Why I am Refusing the PARCC

An Open Letter to Teacher Coach

Next week the middle school students at my son’s school will be taking the PARCC.  He will not be one of them.  He will be sitting for two hours in the auditorium with a book and possibly a folder of some work he needs to make up from this marking period if he takes the initiative to collect it.  I have officially ‘refused’ the PARCC.

This is our first year in middle school and so far, it has been a wonderful experience.  The teachers are committed to student success.  They are quick to respond to any questions or concerns I have and work with my son to help him make the transition from elementary school.  He has been more excited about his classes than he ever was in elementary school. My journey to this decision was not an easy one.  Like many of my friends, I began the year with the intent to have my son test, despite his pleas for me to ‘get him out of this’.  He actually tends to enjoy standardized testing and doesn’t get anxious about the scores or grades.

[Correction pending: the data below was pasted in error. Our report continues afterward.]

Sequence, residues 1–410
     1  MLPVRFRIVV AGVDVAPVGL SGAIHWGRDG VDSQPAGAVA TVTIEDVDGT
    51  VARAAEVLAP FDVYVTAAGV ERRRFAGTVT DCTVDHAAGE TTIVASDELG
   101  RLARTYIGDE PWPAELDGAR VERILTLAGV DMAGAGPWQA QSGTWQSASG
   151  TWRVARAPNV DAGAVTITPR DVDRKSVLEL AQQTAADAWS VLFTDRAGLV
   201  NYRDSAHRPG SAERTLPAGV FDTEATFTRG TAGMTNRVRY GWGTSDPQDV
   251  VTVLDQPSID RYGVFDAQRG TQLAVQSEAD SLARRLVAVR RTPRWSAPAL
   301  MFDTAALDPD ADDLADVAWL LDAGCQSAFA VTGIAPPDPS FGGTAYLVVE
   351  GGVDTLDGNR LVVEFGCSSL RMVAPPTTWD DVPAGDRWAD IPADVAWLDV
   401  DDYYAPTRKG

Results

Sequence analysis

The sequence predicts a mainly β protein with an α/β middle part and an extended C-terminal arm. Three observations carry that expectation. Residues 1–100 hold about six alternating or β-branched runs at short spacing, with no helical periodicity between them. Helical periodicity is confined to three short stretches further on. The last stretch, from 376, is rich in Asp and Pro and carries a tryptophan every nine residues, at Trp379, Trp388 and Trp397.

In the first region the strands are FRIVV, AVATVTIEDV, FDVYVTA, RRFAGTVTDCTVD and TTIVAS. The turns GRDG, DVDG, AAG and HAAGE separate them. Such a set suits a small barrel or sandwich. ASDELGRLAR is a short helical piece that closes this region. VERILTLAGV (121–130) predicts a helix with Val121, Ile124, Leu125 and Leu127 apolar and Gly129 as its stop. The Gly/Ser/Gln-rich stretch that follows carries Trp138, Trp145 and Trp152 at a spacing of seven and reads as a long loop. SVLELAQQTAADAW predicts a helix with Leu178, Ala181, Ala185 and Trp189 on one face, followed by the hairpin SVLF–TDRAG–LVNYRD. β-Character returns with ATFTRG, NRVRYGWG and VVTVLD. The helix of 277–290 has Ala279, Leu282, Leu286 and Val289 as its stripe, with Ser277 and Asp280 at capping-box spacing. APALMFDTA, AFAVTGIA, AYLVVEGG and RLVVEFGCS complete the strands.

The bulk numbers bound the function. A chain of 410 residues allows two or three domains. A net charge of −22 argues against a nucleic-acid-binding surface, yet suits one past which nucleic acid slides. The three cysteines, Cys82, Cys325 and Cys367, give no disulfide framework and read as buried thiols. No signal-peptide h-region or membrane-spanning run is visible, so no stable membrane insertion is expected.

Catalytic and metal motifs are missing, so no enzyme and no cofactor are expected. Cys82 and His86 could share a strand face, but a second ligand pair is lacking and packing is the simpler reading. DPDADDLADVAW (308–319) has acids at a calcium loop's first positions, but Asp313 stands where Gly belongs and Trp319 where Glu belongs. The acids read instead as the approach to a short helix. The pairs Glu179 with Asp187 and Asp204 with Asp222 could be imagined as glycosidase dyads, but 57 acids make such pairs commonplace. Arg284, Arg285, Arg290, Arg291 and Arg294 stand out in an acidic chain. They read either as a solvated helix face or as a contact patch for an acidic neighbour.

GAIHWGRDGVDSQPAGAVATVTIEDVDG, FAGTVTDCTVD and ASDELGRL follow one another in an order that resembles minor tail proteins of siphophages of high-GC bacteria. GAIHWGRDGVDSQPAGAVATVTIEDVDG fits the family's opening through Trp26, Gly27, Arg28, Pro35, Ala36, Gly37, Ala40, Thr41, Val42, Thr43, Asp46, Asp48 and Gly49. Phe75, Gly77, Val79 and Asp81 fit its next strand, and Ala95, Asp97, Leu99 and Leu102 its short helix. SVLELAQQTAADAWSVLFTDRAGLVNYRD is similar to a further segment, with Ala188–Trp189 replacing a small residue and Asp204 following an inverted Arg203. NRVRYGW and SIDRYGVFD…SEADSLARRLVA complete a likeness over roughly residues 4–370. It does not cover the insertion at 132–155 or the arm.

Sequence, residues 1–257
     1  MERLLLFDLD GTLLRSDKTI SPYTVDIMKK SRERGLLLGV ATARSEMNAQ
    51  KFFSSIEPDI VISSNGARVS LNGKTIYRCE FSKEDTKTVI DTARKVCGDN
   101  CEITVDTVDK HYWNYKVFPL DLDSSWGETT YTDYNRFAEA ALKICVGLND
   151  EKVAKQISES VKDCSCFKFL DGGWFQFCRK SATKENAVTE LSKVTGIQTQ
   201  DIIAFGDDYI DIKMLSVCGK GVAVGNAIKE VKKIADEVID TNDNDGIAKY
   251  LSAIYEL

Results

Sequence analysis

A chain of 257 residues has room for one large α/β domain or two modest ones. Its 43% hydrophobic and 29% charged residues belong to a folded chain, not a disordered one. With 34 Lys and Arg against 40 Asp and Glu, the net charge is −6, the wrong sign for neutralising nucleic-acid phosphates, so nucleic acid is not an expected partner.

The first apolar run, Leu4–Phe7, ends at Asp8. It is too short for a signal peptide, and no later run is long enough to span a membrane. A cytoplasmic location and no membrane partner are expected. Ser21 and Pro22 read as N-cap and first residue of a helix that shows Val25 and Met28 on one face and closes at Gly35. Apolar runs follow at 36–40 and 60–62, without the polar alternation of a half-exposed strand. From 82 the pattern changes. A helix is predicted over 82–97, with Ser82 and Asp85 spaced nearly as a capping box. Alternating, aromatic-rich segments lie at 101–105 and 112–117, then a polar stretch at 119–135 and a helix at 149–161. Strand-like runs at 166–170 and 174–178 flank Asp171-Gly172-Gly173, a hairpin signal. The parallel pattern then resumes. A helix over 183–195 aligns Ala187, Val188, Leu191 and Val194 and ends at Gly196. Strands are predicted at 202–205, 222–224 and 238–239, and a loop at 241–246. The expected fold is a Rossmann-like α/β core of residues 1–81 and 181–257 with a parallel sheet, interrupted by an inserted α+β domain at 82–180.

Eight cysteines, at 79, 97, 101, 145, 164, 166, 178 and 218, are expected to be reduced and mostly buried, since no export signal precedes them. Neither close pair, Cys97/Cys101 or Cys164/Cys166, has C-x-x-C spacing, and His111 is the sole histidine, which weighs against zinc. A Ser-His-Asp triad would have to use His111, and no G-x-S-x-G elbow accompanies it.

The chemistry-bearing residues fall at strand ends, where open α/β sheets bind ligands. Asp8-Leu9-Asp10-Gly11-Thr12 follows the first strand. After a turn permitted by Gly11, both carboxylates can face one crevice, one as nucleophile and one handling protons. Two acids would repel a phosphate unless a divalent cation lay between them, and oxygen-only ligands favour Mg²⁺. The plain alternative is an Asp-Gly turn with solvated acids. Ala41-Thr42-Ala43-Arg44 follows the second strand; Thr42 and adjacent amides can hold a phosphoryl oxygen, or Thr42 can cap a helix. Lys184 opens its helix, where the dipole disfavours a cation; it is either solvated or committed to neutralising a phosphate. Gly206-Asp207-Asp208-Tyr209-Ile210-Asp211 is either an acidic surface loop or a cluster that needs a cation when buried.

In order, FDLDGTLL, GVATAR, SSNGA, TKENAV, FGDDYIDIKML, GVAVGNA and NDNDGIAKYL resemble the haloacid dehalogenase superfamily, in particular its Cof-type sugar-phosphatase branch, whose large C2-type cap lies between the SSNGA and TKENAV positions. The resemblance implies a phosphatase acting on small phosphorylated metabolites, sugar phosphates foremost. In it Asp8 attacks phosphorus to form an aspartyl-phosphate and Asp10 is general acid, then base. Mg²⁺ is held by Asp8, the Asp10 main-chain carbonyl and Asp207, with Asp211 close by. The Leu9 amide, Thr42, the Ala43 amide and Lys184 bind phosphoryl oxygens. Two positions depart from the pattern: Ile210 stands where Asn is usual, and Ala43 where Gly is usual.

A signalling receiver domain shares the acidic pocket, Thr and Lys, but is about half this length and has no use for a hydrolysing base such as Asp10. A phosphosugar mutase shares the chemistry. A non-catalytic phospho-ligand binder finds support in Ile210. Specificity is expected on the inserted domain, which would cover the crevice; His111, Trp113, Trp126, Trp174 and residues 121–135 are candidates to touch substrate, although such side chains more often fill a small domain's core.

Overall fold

However, as I began to read more about the PARCC and follow the debate, I became less willing to quietly sit by and let the drive for standardization eclipse the incredible creativity and dedicated teaching that makes my son’s school so special.  A grass-roots movement of families interested in refusing the PARCC has led to spirited and mostly respectful discussions amongst my parent friends and I am grateful to for the questions being raised by friends who will be allowing their children to test next week, as they help me consider my decision to refuse.

They wouldn’t be using this test if it wasn’t a good measurement.

The lack of transparency about the creation and intended scoring and use of this test has been a concern of mine.  Fewer than half of the original 24 states originally signed up for PARCC are still planning to use it.  These states have dropped out citing serious concerns about the test.  The development and implementation of this test has been funded by technology and testing companies, not educators and there has been no study of test validity (how well the test measures what it says it measures) for this test.  States are paying, and paying big, to be the test group for PARCC.